You go to a financial advisor looking for advice. What you hear might sound good, but how do you know the advice is genuine and not focused toward selling products with higher fee incentives? An advisor with a sell focus versus advisory focus will generally suggest products like annuities, mutual funds and managed accounts. These products have little focus on in-depth planning and long-term benefits for you as the client.
When it comes to good financial advice, there are many ways to spot an advisor not working in your best interest, but the simplest way is listening to what they recommend. Here are three pieces of financial advice that every great advisor should be guiding their clients toward. These recommendations ultimately reduce the income of your advisor, especially for fee-only advisors.
I encourage my clients to give to non-profits they care about for a variety of reasons. Donating to special causes not only benefits the organization, it can be rewarding for you too. Giving to a worthy cause can be a mood booster, making you feel happier and more fulfilled. If you are a parent, you can introduce your children to the importance of generosity and simply helping other. Sharing the experience of donating to a church or charity with your children shows them that even from a young age, they can make a positive impact on the world. While there are also tax benefits to giving, our biggest givers are receiving back many more benefits than tax savings alone.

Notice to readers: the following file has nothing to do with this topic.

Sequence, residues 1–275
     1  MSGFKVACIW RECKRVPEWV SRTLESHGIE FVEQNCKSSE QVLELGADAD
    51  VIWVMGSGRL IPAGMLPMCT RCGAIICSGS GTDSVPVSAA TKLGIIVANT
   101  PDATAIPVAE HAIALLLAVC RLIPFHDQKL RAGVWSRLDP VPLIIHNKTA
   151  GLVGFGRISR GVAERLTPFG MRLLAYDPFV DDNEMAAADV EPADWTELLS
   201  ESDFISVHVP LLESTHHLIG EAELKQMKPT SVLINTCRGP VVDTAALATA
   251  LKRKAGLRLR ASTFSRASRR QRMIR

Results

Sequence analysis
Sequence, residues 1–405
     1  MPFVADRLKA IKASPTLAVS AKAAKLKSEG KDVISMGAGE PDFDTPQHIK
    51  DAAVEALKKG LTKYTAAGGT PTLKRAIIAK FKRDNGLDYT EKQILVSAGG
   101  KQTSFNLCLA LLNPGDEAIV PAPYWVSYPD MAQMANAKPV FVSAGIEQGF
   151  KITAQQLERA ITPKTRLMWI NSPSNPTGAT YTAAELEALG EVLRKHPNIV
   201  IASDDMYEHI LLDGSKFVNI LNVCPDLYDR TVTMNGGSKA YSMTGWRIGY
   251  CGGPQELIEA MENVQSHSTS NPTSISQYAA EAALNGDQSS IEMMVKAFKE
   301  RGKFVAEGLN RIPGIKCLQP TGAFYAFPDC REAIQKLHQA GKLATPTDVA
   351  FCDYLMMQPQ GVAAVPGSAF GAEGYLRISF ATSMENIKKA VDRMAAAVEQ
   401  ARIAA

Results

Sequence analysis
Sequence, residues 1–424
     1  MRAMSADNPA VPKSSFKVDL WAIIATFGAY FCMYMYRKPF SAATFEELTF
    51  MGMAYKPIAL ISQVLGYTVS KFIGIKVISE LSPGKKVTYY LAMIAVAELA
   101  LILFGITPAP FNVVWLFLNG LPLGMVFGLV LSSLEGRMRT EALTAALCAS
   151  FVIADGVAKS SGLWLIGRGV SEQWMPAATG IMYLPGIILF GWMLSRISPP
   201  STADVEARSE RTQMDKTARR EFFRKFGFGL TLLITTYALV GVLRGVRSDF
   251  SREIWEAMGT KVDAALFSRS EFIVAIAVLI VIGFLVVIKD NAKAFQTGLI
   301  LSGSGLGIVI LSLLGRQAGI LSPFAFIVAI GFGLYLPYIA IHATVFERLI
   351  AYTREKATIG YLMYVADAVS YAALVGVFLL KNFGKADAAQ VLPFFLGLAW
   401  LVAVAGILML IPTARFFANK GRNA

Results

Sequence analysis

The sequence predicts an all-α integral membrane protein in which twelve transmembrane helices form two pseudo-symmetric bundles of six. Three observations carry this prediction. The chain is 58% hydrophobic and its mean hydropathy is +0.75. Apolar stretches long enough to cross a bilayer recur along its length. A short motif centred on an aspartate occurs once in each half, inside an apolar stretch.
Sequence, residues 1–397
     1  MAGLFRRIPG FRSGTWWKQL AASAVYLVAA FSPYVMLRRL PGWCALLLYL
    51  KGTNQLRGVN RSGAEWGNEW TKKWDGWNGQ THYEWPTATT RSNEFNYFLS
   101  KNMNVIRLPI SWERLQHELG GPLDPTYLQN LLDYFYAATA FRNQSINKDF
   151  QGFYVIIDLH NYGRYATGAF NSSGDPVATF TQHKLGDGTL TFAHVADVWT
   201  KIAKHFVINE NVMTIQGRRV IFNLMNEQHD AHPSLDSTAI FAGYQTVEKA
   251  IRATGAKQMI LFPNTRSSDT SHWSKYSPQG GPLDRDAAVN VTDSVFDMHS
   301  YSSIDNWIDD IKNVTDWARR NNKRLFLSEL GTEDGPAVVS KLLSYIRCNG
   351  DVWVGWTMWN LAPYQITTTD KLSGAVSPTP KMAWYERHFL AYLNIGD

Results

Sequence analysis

You are eligible to receive your Social Security benefits at your “full” retirement age, which is specified by the Social Security Administration (SSA). For most of us, this is around age 66 or 67. You can start collecting as early as age 62, and delay collecting as late as age 70. For every year beyond your full retirement age that you delay, your benefits will grow by about 8%. Delay from age 67 to 70, and you will get benefits 24% bigger. Meanwhile, if you start early, your benefits can shrink by up to 30%. And yet many advisors want you to take social security as soon as possible. But the math is simple, and your deferral is rewarded in the long-term. 95% of the time, it is best to wait.
I encourage my clients to pay off as much debt as they can, as fast as they can. Debt is a threat to your financial security because it keeps you from making the most of your money. Being debt-free alleviates the burden of each monthly payment and more importantly, the interest you are paying on the debt. You should start by eliminating high interest debt first (typically credit card debt) and then work your way down to the lowest cost to borrow debt you have. This is typically your mortgage.
For clients that have maxed out their 401ks and IRAs, saved enough for college funds and have a 3-6-month savings built up, I encourage them to pay down their mortgage. Paying off your mortgage versus investing those extra principal payments in the stock market stir up a lot of debate in the financial community. There is the argument that you could invest the extra money and make a greater return right now than what you are paying on a 4% mortgage interest rate. While this can be true, the peace of mind of having no debt outweighs the benefits of gains you could make with the stock market.
I refer my clients to a blog I wrote a few years ago outlining the rationale for paying off your mortgage.
Posted October 14, 2019